News outlets often alarm viewers with stories of insurance companies that refuse to pay due to disputes with the doctor’s specific treatment plan.

Far more often, however, it’s the doctor’s failure to secure prior authorization before providing services that lead to the denial of a claim.

Payors deny just one percent of medical claims based on medical necessity, but failure to secure prior authorization lies behind nine percent of all claims denials.

Don’t let this happen at your facility.

Maximize your paid claims when you put an effective prior authorization process in place that all staff members follow every time.

Step 1: Establish and document all players and systems in the prior authorization flow

Providers, facilities, and staff looking to create an ironclad prior authorization process should start by documenting all entities involved in providing the service. Providers may be standalone with privileges at a facility or employed by a facility. Facilities and providers may have referral relationships with each other as well. All staff should be aware of these relationships.

For instance, a standalone provider practice typically has privileges at hospitals. Practice staff should know upfront which ADT system each hospital has. If a system differs from the practice’s EHR or practice management system, staff should establish how to get the two systems to share information. Also, staff should create a form the patient can take to the hospital or fellow provider that stipulates the service to be received, the timeline, and whether prior authorization has already taken place. All entities involved in the patient’s care should have documented processes for communicating with each other.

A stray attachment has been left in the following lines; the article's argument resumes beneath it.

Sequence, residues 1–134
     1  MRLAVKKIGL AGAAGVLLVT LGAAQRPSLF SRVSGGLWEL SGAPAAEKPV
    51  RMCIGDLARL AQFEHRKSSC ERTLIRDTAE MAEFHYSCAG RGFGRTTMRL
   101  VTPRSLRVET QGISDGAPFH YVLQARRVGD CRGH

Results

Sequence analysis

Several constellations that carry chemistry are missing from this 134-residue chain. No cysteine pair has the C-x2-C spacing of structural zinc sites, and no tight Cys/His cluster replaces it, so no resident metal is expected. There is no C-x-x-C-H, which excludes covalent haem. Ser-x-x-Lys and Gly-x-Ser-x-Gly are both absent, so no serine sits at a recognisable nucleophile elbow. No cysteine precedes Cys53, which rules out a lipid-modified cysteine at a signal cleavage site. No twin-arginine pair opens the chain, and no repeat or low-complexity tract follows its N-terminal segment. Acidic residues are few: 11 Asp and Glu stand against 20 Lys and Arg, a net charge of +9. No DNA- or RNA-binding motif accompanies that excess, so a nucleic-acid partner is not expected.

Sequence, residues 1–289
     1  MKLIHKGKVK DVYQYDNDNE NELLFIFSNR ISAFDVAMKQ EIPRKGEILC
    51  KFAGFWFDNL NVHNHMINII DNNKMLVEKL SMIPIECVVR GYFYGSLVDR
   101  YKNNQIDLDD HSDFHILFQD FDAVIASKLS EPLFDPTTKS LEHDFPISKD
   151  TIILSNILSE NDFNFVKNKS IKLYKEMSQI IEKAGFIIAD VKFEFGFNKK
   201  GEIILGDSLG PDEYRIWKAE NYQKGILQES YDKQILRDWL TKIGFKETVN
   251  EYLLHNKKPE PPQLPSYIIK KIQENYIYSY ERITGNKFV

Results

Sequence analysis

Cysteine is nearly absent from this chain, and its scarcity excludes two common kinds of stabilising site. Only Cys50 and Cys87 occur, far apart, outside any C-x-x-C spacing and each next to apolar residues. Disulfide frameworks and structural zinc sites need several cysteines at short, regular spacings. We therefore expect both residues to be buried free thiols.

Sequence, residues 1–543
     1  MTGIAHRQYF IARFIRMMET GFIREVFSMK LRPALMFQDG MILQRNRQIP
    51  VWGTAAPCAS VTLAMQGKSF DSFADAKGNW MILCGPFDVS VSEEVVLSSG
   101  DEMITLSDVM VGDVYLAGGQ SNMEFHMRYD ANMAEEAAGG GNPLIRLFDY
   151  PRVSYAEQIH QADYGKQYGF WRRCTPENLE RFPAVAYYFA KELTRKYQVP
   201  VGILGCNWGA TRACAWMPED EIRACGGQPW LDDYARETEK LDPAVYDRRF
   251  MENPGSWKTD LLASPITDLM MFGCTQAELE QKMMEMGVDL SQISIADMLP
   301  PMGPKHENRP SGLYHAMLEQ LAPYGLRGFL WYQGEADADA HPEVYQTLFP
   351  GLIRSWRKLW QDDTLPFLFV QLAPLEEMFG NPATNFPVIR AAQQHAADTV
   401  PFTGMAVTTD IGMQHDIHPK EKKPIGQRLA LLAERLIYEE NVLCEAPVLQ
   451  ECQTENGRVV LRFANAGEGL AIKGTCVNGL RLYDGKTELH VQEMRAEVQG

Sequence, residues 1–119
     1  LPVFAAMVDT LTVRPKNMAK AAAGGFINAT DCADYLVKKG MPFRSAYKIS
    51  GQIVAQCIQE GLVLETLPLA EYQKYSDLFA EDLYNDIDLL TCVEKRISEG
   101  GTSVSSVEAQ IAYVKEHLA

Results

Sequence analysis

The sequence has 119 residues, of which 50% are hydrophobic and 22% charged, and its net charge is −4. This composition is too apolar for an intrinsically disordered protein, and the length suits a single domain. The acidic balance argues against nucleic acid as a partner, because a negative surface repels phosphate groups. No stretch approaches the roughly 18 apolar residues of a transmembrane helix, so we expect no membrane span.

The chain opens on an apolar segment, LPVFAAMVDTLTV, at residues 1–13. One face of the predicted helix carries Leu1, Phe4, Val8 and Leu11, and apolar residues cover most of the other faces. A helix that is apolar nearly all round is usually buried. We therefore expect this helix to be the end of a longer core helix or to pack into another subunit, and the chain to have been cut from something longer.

When creating a prior authorization process that moves a patient smoothly through the system:

  1. Determine whether you share the same ADT system with the other provider or facility.
  2. Document which departments and personnel you will be working with.
  3. Establish how you will communicate that prior authorization has been initiated and obtained or not.